J-10 Jet Fighter
The Chengdu J-10 jet fighter was meant to be on a par with western and Russian fourth-generation fighters. To this end the designers incorporated a Type 634 quadruplex digital FBW control system (tested on the J-8 II ACT) and a ‘glass cockpit’ with a wide-angle HUD and four MFDs. The fighter utilised the HOTAS principles. The large bubble canopy provided the pilot with a 360° field of view; the pilot sat on a TY-6 zero-zero ejection seat.
From the start the programme was affected considerably by political factors, which necessitated design changes and caused delays. Until 1989, the Chengdu Aircraft Co. had hoped to use western engines and avionics; yet the Tiananmen Square events of 1989 and the ensuing embargo made this impossible.
The designers had to seek alternative powerplants, eventually turning to Russia for help, since the Sino-Russian relations were back to normal by then. The choice fell on the Lyul’ka- Saturn AL-31F afterburning turbofan rated at 7,850 kgp (17,305 lbst) dry and 12,500 kgp (27,560 lbst) reheat-the engine powering the Su-27 family.
An immediate problem arose: the engine had a dorsally mounted accessory gearbox, which proved inconvenient for a single-engined aircraft. Lyul’ka-Saturn responded by developing the AL-31FN version featuring a ventral accessory gearbox specially for the J-10 and assisted with the engine/airframe integration.
Speaking of engines, Russia refused to sell China licence manufacturing rights for the AL-31F engine, striving to prevent exports of J-11 fighters (licence-built Su-27SKs) that would be a breach of the licensing agreement. Thus, the engines for both the J-11 and the J-10 were to be supplied by Russia, with at least 300 engines earmarked for the latter type. Not to be outdone, the Liming Motor Co. engine factory in Shenyang brought out a turbofan designated WS-10A Taihang afterburning turbofan – a derivative of the AL-31R The avionics house Phazotron became another Russian partner, offering its Zhuk-10 (Beetle) and RP-35 Zhemchug (Pearls) multi- mode X-band (8 to 12.5 GHz) radars as alternatives to the Elta EL/M-2035 (which, incidentally, had been used on the Lavi). However, CAC also eyed the indigenous JL-10 (Type 1473) radar developed by the Laiyang Electronic Technology Research Institute (LETRI). The latter model was capable of tracking ten targets while attacking priority threats; the maximum detection range was estimated as 100 km (62 miles).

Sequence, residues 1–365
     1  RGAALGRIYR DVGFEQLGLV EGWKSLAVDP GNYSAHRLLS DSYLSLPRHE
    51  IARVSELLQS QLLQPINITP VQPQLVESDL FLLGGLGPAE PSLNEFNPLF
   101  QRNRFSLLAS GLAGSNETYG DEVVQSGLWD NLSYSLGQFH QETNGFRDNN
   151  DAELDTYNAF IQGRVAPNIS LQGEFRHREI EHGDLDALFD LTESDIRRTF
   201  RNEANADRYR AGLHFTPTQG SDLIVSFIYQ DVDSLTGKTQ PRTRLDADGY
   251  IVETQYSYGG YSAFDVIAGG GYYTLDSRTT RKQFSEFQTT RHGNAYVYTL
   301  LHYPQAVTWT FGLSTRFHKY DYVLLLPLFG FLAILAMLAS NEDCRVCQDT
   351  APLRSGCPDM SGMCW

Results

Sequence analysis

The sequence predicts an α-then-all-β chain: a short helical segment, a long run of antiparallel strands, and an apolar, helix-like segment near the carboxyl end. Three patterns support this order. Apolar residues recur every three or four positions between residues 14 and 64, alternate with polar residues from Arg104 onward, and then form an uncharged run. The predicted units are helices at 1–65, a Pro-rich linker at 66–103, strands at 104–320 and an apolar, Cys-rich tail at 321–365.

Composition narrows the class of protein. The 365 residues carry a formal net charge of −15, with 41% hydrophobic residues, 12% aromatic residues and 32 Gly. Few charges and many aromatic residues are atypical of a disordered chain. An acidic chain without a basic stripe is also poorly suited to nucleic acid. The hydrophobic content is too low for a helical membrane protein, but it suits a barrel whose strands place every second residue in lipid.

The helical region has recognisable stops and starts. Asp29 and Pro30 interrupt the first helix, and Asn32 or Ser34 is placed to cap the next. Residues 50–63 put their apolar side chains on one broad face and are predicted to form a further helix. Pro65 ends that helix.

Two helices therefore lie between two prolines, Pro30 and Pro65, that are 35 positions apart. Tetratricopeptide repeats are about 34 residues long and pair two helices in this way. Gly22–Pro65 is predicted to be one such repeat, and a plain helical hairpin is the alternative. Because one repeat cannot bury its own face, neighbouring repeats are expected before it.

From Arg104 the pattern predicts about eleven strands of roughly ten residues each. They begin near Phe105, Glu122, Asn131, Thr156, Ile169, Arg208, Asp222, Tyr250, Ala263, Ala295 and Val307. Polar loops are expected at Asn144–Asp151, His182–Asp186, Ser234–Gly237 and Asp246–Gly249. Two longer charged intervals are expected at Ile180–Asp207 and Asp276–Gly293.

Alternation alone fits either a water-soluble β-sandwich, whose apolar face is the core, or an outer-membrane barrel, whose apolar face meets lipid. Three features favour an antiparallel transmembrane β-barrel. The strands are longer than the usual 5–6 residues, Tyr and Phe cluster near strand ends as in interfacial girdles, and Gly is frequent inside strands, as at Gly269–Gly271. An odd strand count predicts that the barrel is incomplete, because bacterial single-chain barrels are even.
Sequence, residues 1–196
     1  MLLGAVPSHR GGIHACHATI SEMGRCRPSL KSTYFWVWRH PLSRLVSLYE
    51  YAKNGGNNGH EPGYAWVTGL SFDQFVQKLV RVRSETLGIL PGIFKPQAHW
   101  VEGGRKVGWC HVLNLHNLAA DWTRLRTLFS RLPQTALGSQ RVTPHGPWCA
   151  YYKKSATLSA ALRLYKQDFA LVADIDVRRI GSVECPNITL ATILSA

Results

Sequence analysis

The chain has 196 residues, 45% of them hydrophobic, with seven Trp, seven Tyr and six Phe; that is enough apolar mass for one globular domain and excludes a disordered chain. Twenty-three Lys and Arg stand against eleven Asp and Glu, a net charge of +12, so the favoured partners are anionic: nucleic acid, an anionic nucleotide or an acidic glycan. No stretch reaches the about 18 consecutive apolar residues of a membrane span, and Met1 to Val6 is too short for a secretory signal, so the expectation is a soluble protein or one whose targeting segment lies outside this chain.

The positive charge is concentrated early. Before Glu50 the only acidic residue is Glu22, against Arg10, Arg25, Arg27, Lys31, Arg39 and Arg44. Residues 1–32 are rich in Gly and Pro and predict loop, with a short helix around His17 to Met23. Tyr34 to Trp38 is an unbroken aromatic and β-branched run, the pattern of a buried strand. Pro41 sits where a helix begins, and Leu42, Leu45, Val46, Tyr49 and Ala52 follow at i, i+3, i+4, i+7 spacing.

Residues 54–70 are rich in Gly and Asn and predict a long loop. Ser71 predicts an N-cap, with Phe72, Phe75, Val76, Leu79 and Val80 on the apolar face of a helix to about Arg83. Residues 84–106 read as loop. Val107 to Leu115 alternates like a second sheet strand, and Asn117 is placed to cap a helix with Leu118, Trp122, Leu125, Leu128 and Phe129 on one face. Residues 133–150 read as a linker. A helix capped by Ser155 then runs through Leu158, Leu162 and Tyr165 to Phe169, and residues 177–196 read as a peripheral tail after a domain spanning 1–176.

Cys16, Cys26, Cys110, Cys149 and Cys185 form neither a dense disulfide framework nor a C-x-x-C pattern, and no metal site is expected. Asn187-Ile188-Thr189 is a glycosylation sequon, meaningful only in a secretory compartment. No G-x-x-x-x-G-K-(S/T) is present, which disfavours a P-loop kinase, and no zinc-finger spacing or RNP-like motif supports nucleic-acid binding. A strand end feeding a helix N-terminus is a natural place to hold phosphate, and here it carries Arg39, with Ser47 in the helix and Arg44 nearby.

An all-metal full-size mock-up was completed by late 1993. Yet, wind tunnel tests revealed potential problems with low-speed performance and lower-than-expected maximum AoAs at subsonic speeds. Besides, in the course of the design process the Chengdu J-10 jet fighter was transformed from a pure fighter to a multi-role combat aircraft, which caused some redesign and consequent delays. Finally, in the light of the new situation American fighters, not Russian ones, were now viewed as the J-10’s main adversaries. This led CAC to redesign the fighter.
In keeping with its new role the J-10 was to carry air-to-air and air-to-surface weapons on 11 hardpoints. The weapons included PL-8 short-range AAMs, PL-11 and PL-12 (SD-10) medium-range AAMs, C-701 anti-radar missiles, free-fall bombs and laser-guided bombs. Russian missiles, such as the R-73 short-range AAM, R-77 (RVV-AE) medium-range AAM and Kh-31 ASM, could be carried potentially if the Zhuk-10 radar was selected.
A dozen prototypes took part in the trials – both in Chengdu and at the China Flight Test Establishment (CFTE) in Yanliang. The first aircraft (‘1001 Red’) reportedly took the the air in mid-1996. J-10 ‘1002 Red’ was the first to have a full set of mission avionics. Tragically, this aircraft crashed fatally in late 1997 due to a control system failure. A long hiatus followed, and the next prototype (‘1003 Red’) did not join the tests until 23rd March 1998; it was used for verifying the FBW control system. The fourth single-seater (‘1005 Red’) served for systems compatibility trials and weapons tests. ‘1006 Red’ was jointly operated by the No. 606 Research Institute and the Liming Motor Co., being fitted with a fixed IFR probe on the starboard side.
In 2000 the J-10 completed its trials programme. In late 2001 the Chengdu factory took delivery of the first batch of 54 AL-31FN engines for production aircraft. The first pre- production machine took to the air on 28th June 2002. In August that year the type reportedly achieved initial operational capability with the PLAAF, when full-scale production began at Chengdu. In 2003 the J-10 was cleared for full squadron service.